Meet Cara Thompson

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Bainbridge Island
Book Design, Exhibit Concept

Community building is an important part of the work of art maker and
writer Cara Thompson. She has spent the last two years curating and
organizing art exhibitions, events and workshops in her local community, including an exhibit of special needs artwork at the Seattle Art
Museum, community installation projects at the Grunewald Guild,
and monthly ArtWalks showcasing new artists at the Bainbridge Island
Special Needs Foundation. Currently she has been helping to bring
together the different communities involved in the Dungeness project both for the exhibition and the overall design and publication of
Dungeness, the book.

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A Lost Trail: The Creation of Dungeness

hand-05     The process of bringing Dungeness together has been the uncovering of a lost trail, a legendary Indian Highway, more complex, haphazard, passionate and enchanting than this book can convey. I say uncovering because we didn’t seem to have a map, or at least not one we could read. It seems we never accomplished what we set out to do, as Karen and I adventure. At times we embarked spontaneously, at times with unrealistic itineraries, wearing our bathing suits under our shorts, with bikes waving like a banner, barely strapped on to the back of her blue toy car questing to the Olympic Peninsula. 

     Before I came into this hurly-burly book bonanza, Karen had her own undertaking: researching and writing Dungeness for more than 10 years, calling on some magical inspiration from the curiosity, candor and pride of one S’Klallam woman, an original. When Karen finished, the book had become more than just a historical fiction novel but a coming-of-age story with some history, some philosophy, some native lore, some regional myth, and some-thing that had never been done before! Karen knew that sharing her story would call for more than just words, but a whole crew of imginative people coming together to shape an old story in a new way.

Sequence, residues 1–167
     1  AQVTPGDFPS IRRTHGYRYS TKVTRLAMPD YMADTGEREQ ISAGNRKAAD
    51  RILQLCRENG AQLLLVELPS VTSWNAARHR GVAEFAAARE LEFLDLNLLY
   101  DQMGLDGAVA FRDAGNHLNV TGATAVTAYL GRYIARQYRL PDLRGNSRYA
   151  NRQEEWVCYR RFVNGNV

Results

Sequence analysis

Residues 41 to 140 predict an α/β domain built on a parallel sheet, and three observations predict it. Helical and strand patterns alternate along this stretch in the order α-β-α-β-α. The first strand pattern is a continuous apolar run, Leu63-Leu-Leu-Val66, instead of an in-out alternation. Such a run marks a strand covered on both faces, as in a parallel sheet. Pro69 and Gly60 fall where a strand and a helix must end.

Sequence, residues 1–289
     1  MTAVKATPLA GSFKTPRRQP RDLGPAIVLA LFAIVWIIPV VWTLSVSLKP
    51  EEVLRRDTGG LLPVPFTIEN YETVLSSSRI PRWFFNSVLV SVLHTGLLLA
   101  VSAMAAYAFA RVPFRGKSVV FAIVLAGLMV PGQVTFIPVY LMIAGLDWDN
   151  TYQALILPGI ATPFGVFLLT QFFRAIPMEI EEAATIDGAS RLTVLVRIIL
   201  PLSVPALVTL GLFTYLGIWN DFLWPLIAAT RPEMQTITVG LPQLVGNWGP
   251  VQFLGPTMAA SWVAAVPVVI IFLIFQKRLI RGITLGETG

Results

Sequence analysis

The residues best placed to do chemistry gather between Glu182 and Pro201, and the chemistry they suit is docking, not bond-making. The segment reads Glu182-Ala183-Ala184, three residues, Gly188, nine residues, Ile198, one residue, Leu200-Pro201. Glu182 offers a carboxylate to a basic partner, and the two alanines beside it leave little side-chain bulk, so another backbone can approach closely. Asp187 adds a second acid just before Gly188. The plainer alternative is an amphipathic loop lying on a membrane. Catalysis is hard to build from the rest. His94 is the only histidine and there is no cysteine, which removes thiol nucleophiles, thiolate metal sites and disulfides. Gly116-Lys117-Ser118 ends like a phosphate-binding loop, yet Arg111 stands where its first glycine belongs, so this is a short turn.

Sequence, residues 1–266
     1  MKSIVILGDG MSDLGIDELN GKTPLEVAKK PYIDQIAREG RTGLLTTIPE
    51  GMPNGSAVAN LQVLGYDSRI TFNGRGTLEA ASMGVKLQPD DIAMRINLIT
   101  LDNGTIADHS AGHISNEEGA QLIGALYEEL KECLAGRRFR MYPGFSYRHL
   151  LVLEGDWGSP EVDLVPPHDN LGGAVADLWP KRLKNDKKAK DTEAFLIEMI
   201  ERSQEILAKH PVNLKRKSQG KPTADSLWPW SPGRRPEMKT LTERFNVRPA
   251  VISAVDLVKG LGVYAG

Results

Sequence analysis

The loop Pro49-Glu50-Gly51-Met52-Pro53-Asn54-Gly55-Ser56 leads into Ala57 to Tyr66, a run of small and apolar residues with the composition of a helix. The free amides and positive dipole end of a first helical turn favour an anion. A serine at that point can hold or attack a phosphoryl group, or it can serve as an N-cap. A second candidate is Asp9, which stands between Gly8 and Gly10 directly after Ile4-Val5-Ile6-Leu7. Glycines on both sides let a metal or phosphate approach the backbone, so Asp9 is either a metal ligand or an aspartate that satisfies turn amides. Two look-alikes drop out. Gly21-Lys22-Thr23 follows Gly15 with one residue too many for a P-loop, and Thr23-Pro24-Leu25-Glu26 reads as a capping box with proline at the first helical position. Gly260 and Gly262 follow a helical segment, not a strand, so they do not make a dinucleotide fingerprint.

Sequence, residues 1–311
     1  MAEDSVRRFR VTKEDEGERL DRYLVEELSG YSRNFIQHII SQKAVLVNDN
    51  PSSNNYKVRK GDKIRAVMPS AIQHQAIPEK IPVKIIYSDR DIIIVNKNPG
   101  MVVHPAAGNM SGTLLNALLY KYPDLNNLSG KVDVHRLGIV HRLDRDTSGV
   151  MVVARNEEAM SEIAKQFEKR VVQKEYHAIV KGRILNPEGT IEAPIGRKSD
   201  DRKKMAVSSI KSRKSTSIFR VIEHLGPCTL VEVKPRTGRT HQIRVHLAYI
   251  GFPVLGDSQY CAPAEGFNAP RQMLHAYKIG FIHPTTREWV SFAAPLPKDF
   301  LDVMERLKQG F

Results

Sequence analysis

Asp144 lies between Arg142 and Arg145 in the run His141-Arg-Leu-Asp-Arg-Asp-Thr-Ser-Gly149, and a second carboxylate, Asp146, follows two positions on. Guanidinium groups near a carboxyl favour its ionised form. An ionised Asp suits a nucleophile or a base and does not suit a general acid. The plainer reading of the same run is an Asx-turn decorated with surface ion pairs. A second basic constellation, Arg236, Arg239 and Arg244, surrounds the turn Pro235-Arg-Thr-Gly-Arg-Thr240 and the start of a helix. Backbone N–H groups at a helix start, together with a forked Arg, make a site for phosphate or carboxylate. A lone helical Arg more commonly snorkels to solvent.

At this time Karen asked me to add artwork to the story and design the text. As we struggled, now together, to assemble the pages, we fell upon the secret message of the hidden narrative, while listening to the stories of the visionary artists Joe Ives, Jimmy Price and Cathy Macgregor; eating Indian tacos at a pow-wow at the Port Gamble Tribe; dividing an apple pancake with Mary Ann Lambert’s family; and visiting S’Klallam language classes. We spent the summer of 2015 finishing Dungeness while learning how to carve our very own portrait masks from a wise Master Carver! As we ventured further into the unknown, whether our mini-expeditions were successful or not, at the end of the day there was always a cider and a salmon sandwich at Sirens, a distinguished pub in historic Port Townsend. 

     The secret message: if you want to shine a light on something: look up, look down, look back and listen. What we learned on the journey has inspired the Dungeness revisionist-history contemporary art exhibition.

     However creative, unsystematic, or outlandish our project became, Dungeness kept moving forward, inspiring a collaborative multimedia art exhibit at Northwind Arts Center in Port Townsend, a symposium led by three of the foremost women authors writing on S’Klallam history, and a series of gratitude gatherings for all those who made this project possible.

     In Karen’s words: “Overall this entire project has been forged in friendship,” with the Tribes, the families, the galleries, the librarians, the historians, the artists, the past, the present, and between Karen and I. Friendship has no map; friends make maps together. Dungeness is just a sappy glistening of what we uncovered. The book is our map to a place of love and chance. – Cara Thompson

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